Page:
Thugwane, Ramaala spur on SA team
Josia Thugwane is hoping a South African can win a second gold in the men's marathon at the London Olympics on Sunday
WHEN Josia Thugwane went to compete at the Atlanta Olympics in the marathon competition in 1996, many people did not give him a chance of finishing in the top 10.
It is now history that Thugwane, then a mine worker in Mpumalanga, was the first black South African runner to win gold at the Olympics.
Thugwane is hoping a South African can win a second gold in the men's marathon at the London Olympics on Sunday.
The South African marathon team is made up of multiple national champion Stephen Mokoka, Coolboy Ngamole and Lusapho April.
"We have a pretty solid team, the most important thing is for the three men to focus on the race and not be intimidated by the so-called big names competing," said Thugwane.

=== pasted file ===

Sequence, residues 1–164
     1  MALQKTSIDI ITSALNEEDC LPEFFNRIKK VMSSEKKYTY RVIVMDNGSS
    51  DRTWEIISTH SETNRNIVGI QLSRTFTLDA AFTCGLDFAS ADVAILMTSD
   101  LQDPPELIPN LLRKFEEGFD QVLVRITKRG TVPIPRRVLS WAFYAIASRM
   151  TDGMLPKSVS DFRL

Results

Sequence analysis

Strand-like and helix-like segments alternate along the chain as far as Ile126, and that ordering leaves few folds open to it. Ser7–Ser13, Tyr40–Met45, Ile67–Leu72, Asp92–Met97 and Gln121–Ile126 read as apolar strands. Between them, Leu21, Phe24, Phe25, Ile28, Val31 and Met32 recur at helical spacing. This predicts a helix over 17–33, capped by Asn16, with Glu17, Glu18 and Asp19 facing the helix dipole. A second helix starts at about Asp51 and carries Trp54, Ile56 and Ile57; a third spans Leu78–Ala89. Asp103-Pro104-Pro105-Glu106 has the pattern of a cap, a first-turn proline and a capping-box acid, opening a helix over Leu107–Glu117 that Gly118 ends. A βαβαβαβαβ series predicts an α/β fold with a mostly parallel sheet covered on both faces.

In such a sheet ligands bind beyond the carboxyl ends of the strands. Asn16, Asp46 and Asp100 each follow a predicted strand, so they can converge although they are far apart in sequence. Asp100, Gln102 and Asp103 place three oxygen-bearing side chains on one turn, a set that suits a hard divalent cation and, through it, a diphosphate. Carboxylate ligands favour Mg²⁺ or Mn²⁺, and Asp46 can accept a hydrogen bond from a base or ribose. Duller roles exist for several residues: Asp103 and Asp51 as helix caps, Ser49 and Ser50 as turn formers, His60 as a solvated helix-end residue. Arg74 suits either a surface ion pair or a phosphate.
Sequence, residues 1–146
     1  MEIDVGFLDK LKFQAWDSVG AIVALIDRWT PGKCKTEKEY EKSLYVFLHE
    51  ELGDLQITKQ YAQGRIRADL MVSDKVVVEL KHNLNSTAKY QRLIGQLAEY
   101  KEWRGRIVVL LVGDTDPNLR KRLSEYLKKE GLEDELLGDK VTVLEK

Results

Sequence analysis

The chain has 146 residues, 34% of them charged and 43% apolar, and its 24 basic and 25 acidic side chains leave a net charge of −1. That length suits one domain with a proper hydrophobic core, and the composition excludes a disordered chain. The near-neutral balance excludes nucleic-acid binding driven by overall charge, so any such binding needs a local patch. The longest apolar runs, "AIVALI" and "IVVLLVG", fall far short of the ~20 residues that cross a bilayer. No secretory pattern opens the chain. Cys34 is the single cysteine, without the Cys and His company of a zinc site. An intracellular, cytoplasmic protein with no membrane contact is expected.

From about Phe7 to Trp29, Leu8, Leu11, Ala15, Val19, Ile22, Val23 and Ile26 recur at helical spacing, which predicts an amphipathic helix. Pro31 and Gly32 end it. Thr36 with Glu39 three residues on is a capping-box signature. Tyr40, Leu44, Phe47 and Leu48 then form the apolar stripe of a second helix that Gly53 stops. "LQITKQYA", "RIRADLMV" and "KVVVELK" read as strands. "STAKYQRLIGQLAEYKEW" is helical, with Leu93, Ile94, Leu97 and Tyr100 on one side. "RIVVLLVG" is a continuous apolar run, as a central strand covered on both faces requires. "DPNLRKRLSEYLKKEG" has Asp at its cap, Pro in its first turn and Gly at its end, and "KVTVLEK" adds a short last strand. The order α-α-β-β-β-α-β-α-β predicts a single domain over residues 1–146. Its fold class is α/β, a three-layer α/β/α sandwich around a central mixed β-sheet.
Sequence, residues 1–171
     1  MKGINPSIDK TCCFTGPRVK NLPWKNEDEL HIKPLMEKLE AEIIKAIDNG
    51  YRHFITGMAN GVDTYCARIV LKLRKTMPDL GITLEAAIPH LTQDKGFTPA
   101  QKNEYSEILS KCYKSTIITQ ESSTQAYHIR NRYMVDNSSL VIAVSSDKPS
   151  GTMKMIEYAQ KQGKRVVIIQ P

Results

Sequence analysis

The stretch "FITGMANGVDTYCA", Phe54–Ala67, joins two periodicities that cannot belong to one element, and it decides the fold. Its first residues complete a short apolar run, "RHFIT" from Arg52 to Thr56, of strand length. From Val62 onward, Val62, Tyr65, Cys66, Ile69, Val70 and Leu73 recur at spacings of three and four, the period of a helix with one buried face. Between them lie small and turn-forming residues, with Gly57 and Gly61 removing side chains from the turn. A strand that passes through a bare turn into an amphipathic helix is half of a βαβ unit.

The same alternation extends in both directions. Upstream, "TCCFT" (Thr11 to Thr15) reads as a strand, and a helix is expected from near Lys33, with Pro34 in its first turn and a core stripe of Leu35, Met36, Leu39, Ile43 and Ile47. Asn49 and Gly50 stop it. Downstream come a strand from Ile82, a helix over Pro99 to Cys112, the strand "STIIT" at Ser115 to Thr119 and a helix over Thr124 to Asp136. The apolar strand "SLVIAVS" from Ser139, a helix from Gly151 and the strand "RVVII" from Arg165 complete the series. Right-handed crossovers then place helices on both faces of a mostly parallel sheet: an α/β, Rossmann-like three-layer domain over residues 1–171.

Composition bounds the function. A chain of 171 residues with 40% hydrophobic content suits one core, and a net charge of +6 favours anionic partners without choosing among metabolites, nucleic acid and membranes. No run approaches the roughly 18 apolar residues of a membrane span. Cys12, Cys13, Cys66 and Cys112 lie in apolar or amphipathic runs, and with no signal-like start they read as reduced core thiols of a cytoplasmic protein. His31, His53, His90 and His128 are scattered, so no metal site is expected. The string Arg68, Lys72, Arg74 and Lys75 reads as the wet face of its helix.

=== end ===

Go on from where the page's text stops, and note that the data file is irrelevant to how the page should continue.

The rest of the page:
"When I went to Atlanta, people were telling us to forget about winning because the big names were going to win. I decided to close my ears and ignore them. I decided to run my own race. We also worked as a team with Gert Thys and Lawrence Peu (who came in as a replacement for the injured Xolile Yawa).
"Our guys must believe in themselves, winning the marathon is not impossible," said Thugwane.
Another athletics legend, Hendrick Ramaala, who has competed in four Olympic Games, is equally confident a South African can win the marathon.
"My money for gold is on Mokoka, but I wish for the best when it comes to Ngamole and April.
"It will be tough, considering we have Kenyans with qualifying times of two hours and four minutes."